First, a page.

No 3 - Atestino Trail
- Departure: Arquà Petrarca (Arquà Petrarca)
- Arrival: Arquà Petrarca (Arquà Petrarca)
- Duration: 5 hour/s 30 minutes
- Difficulty Level: EE - For expert hikers
- Length: 19.2 km
- Difference in height: 1,000m
- Involved Municipalities: Arquà Petrarca, Baone, Cinto Euganeo, Galzignano Terme
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Time is intended for a trained hiker, it could vary depending on the preparation and the interest for the itinerary features.
After having left your car in the car park of Bar Ventolone, take the Atestino path near a little roadside shrine. Follow the lane to the right of the shrine in an easterly direction, cutting across the southern and eastern slopes of Mount Piccolo. The path crosses olive groves at first, and then continues through woods and scrubland. You reach the hamlet of Corte Vigo and then walk downhill through the thick scrubland till you reach a lane signposted Via Ventolone. Take this road to the left, crossing a lush valley of farmland and then climb till you reach the building known as ‘casa del parroco’. Continue along the eastern crest of Mount Orbieso; a short detour will take you to the ruins of the convent of Santa Maria di Orbise, located on the top of the hill (330 m).
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No 3 - Atestino Trail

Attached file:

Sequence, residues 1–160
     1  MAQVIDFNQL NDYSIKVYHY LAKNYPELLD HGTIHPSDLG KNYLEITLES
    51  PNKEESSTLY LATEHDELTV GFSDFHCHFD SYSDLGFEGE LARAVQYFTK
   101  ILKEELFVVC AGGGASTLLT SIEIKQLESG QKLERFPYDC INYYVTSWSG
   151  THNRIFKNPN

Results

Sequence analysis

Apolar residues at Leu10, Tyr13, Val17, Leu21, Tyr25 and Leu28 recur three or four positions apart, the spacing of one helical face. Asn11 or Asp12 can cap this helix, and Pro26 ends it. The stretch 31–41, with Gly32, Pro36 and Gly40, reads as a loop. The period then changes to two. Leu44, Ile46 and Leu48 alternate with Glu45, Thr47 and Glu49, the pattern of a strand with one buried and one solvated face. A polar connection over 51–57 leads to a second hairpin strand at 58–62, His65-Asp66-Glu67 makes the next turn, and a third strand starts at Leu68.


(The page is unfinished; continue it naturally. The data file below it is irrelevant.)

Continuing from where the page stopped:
After a short stretch downhill along a dirt lane, you’ll come to a tarmaced road that slopes downhill towards the St Antonio shrine. From here you take the path that climbs gently and that, running along the edge of a row of almond trees, reaches the old church of St Gaetano on Mount Fasolo (289 m).
When you reach the top of the mountain pass, you’ll enter a private vineyard with an iron gate that is always left open. Follow the waymarks till you reach the top of Mount Rusta, crossing dense woodland; here, a detour leads to Villa Beatrice d’Este on the top of Mount Gemola. The villa was once a Benedictine monastery and was the home of Blessed Beatrice d’Este. On leaving the villa, you head back to the tarmaced road that runs downhill to the right till the Fonte del Pissarotto spring. A laurel plantation and a small gate mark the district of Muro. Walk along the wall of the lane that runs downhill to an old wash house at the mouth of Valle dell’Abate. From here, you climb back up the Marlunghe ridge in an open, dry area that looks out onto Mount Cero and Mount Castello. At the end of the climb, you turn right then left, going along the tarmaced road flanked by vineyards and almond trees. After about 300 metres, turn left only to take a path on the left a little further on that will wind gently among maple trees and broom till it reaches the road that passes through the houses of Arquà Petrarca and leads straight to Petrarch’s home. This long hike ends near the Oratory of SS. Trinità, in memory of the poet who wrote of Laura and chose this out-of-the-way village in the Euganean Hills as his home in the twilight years of his life, making it internationally famous.